Vitamin D supplements unlikely to reduce risk of colds
Taking high doses of vitamin D supplements is unlikely to reduce your chances of having a cold or to ease your symptoms, a small study has found.
BMJ Group News
What do we know already?
Your body uses vitamin D to help make strong, healthy bones. Most of the vitamin D in our bodies is made in the skin, when it is exposed to sunlight. You can also get it from such foods as egg yolks, oily fish, and some dairy products, or by taking supplements.
Some people think that taking extra vitamin D might help with a cold. But there’s little research about this.
To find out more, researchers studied 322 healthy adults aged 18 or over. They were randomly chosen to take an initial high dose of vitamin D, the same dose one month later, then a lower dose every month for 18 months, or a dummy pill (placebo) for the same period.
During the 18-month study period, there were 593 colds among those who took vitamin D, and 611 among those who took the dummy treatment. This difference is small enough to be down to chance. Taking vitamin D did not seem to make much difference in reducing people’s chances of getting a cold.
Researchers also found that taking vitamin D did not seem to lessen the length or severity of cold symptoms. People who had colds during the study had symptoms for an average of 12 days, whether or not they took vitamin D.
Taking the supplement appeared to make little difference when it came to people taking time off work. Nearly half (41%) people of who had colds during the study took sick leave, whether they had been taking supplements or not.
How reliable is the research?
This is a randomised controlled trial, which is one of the best types of studies to find whether a treatment works. It was also carried out over a longer period of time and involved a larger group of people than previous research into vitamin D and cold prevention. And its findings are consistent with other studies that showed that taking vitamin D is unlikely to reduce people’s risk of catching a cold or to ease their symptoms.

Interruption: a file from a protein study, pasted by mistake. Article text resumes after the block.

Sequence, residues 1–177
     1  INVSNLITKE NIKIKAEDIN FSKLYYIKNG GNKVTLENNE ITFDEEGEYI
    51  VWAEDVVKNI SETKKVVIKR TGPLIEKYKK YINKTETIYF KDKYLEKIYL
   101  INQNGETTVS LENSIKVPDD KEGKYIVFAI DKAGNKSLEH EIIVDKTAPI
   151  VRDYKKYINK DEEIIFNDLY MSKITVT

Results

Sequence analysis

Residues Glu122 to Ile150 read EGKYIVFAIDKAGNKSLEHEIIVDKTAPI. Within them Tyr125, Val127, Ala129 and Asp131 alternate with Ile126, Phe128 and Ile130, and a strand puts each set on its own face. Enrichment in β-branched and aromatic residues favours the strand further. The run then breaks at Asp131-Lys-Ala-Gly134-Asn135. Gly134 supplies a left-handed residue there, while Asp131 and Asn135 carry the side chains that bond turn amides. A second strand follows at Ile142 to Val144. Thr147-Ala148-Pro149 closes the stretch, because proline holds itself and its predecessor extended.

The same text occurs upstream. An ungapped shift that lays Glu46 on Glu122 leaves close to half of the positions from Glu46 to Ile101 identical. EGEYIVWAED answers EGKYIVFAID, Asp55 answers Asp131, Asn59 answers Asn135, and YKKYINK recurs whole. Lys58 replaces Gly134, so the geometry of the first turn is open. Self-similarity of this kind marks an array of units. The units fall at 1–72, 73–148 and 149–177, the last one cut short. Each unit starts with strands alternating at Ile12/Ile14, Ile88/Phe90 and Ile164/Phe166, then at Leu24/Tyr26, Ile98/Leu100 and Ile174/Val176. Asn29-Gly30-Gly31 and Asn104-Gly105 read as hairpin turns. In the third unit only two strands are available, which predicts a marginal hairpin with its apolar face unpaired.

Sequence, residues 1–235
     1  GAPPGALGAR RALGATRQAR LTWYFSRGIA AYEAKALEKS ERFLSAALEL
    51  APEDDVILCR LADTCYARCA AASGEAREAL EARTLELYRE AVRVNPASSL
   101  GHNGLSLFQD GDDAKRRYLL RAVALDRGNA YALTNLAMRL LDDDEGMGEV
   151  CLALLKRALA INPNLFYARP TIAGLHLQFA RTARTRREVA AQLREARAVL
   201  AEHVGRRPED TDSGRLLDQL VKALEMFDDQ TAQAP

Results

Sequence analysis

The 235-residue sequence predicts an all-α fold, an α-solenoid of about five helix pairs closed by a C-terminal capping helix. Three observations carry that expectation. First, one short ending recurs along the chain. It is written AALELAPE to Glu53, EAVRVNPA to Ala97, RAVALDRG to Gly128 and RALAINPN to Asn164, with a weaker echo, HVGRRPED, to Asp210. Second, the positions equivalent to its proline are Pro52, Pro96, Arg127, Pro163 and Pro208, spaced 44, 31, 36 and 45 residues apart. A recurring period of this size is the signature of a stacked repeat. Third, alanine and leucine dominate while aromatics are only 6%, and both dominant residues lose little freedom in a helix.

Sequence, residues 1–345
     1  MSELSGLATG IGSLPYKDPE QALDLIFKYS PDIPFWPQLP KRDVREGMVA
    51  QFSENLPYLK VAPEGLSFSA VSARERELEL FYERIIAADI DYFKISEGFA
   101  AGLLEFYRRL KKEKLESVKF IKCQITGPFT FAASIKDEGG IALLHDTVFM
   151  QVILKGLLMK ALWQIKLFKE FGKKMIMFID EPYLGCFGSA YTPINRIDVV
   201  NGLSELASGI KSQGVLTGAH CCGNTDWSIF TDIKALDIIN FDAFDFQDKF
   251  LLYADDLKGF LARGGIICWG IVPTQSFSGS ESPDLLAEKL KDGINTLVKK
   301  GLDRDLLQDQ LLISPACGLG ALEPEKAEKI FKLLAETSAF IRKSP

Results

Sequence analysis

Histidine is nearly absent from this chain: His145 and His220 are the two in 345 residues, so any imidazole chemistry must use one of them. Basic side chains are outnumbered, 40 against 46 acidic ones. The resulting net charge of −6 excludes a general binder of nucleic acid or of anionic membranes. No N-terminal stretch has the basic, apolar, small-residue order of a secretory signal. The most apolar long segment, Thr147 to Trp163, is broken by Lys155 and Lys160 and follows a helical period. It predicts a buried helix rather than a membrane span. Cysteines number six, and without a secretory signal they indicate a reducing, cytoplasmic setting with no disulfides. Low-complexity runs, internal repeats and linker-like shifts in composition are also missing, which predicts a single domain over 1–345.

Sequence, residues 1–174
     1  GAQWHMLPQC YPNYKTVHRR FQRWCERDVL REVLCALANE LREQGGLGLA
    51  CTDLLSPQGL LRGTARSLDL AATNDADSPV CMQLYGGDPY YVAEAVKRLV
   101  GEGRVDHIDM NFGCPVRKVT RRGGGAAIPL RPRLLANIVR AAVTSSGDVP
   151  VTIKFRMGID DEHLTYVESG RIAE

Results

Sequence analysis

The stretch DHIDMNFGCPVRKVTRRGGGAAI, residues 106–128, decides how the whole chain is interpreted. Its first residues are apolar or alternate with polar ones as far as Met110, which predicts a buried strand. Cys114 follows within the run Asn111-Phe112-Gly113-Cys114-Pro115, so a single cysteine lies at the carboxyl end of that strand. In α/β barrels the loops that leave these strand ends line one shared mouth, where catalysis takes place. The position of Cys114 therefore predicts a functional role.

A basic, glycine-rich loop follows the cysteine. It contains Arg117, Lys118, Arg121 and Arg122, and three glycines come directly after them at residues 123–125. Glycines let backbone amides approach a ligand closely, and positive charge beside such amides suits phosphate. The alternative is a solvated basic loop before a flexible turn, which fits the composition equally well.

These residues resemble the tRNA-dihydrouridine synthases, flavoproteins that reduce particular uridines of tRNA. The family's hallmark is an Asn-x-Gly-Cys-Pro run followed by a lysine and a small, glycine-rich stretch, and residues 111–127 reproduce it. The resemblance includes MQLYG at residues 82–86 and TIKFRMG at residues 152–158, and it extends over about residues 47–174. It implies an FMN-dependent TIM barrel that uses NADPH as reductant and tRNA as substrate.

However, more research is needed to see whether the level and frequency of the dosage of vitamin D has any impact on whether it can help to prevent colds and reducing symptoms.
What does this mean for me?
The little research that is available shows that taking vitamin D will not help to prevent you getting a cold or reduce your symptoms.
But it is important to have vitamin D in your diet as your body needs it to make strong, healthy bones. The Department of Health advises that most people should get enough vitamin D by eating a varied diet and by getting some sun. However, certain groups - including pregnant and breastfeeding women, young children, older people, and black and ethnic minority groups - may not get enough of this nutrient and need to take supplements.
You need to be careful not to take too much vitamin D from supplements, as the side effects include not feeling hungry, losing weight, feeling sick, vomiting, diarrhoea, headache, being thirsty, and feeling dizzy.
If you’re concerned about your vitamin D levels, you can talk to your GP about having a blood test.
Murdoch D, Slow S, Chambers ST, et al. Effect of vitamin D3 supplementation on upper respiratory tract infections in healthy adults. The VIDARIS randomized controlled trial. Journal of the American Medical Association. 2012; 308: 1333-1339.
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